the ABC, F is for Friday flexibility - 6th October
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flexi Friday for ABC managing director Michelle Guthrie.
Photo: Andrew Meares
was a pretty tough day at the ABC. A sweeping overhaul
of current affairs saw CBD's late night news fix,
Lateline, axed we won't be able to watch stock
footage of an airplane shooting flares out of its
sides now without getting wistful.
Emma Alberici is to head to other duties. Gone too
is Stan Grant's The Link. Just how many jobs are going
as a result of all of this is a closely guarded secret.
director of news Gaven Morris insisted the rationalisation
will see new shows launched that will leave audiences
in a position of net news benefit.
Guthrie no doubt had a busy Thursday as the news filtered
out into the organisation and beyond. She has shown
propensity to make some tough calls. This year she
announced a 20 per cent reduction in management and
some 80 people have left Auntie's embrace through
redundancy this year.
things go to their usual routine then Guthrie should
be spared any awkward water cooler moments on Friday
as the moves sink in.
see CBD hears that Guthrie quite likes to spend Fridays
away from the office preferring to work from home.
why not? Especially when one has a choice of homes
from which to work. The former Google executive, who
is on something like $900,000 a year, apparently owns
a very nice apartment in Pyrmont and another property
at Palm Beach to Sydney's north.
ABC was approached for comment but may have had its
Group chief executive Bob Johnston and the newly appointed
David Jones chief David Thomas appeared unprepared
for one major challenge when they spoke at the opening
of the new David Jones store at Wollongong Central
yesterday morning. How to be heard over scores of
CBD St George and Illawarra correspondent could not
hear a word of what Johnston and Thomas had to say
in their speeches through the shrieks and chattering
ahead of the ribbon cutting.
the very talkative David Jones Food ambassador Neil
Perry struggled to share his culinary insights with
the congregation. We are sure they all had something
very interesting to say. David Jones chairman and
Woolies South Africa boss Ian Moir, meanwhile, watched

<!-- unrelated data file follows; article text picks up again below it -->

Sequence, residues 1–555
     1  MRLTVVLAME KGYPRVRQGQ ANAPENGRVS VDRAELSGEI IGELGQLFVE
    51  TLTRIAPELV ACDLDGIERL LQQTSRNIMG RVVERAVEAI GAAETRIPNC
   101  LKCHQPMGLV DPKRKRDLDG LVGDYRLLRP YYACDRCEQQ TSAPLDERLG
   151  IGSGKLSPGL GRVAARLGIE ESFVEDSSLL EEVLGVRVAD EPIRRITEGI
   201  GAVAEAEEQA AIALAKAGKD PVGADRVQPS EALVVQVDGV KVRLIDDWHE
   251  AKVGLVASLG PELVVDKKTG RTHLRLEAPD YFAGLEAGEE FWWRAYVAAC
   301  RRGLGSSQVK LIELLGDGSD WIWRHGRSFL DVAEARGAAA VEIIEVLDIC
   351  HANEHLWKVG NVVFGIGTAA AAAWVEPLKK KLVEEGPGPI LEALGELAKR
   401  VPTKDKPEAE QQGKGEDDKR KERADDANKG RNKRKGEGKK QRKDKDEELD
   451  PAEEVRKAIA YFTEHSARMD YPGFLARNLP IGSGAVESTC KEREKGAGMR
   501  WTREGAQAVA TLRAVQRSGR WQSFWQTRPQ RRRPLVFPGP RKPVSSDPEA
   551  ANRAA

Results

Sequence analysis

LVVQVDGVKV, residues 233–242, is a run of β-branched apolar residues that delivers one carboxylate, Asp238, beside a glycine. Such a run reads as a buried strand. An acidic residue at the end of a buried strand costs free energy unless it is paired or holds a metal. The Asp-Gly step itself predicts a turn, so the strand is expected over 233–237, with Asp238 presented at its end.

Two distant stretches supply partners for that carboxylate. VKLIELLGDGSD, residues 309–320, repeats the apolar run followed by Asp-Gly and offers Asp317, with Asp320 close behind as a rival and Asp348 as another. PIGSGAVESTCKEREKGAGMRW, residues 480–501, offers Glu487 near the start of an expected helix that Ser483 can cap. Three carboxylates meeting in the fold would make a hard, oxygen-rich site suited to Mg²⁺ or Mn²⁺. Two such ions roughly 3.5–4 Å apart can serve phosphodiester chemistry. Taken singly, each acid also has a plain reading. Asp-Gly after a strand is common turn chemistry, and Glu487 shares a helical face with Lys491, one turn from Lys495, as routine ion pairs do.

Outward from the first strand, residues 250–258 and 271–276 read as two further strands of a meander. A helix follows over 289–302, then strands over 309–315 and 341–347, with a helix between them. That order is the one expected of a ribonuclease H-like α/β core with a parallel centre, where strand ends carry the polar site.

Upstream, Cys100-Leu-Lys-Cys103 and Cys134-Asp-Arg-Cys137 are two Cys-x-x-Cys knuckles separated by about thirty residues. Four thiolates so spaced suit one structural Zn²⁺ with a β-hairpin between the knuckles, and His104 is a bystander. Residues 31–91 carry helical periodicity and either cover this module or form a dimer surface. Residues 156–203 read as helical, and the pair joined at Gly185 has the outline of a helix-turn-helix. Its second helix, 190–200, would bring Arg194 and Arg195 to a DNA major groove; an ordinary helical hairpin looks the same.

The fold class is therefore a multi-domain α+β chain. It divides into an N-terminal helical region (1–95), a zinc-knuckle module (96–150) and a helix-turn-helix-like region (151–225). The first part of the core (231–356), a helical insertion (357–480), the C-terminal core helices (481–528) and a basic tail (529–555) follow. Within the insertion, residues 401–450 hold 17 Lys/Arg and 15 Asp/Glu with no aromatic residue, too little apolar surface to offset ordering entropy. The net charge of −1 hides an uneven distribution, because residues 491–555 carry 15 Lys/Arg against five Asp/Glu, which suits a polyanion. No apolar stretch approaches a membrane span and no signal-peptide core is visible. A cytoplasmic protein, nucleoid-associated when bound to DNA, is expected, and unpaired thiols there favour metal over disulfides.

sagely from the crowd.
Jones at least had the foresight to have a few good-looking
male and female models flanking the speakers.
recently re-elected Lord Mayor of Wollongong and Uniting
Church minister Gordon Bradbery seemed to have a better
understanding of his audience, given he shouted his
speech ahead of the David Jones opening. Fortunately,
the cosmetics retailer Mecca Maxima didn't bother
with formalities. It just went for a 10-second countdown
when its Wollongong Central store opened to the throng
of mainly young females, some of whom had been waiting
who enjoy the odd bet have another option when they're
at the pub, aside the horses or the pokies.
they can put their hard-earned money it into the crypto-currency
Bitcoin while they're having a quiet schooner.
handful of crypto-currency ATMs are starting to appear
more frequently, but CBD couldn't help but notice
where payment company BitPOS decided to put its first
Bitcoin ATM : a watering hole in Sydney, the Metropolitan
machine will allow patrons, with the help of an app,
to buy the crypto-currency, which many believe is
well into bubble territory after ballooning to more
than US$4200 for a single Bitcoin.
far as we're aware, it's the first drinking hole to
offer the service.
of the founders, Jason Williams, says putting the
machine in the pub is an attempt to bring cryptocurrencies
out of the tech world, and into the mainstream (the
pub also accepts payments in Bitcoin).
the benefit of hindsight, putting some money into
Bitcoin a few years would certainly have been a better
move than playing the pokies.
Sydney Morning Herald)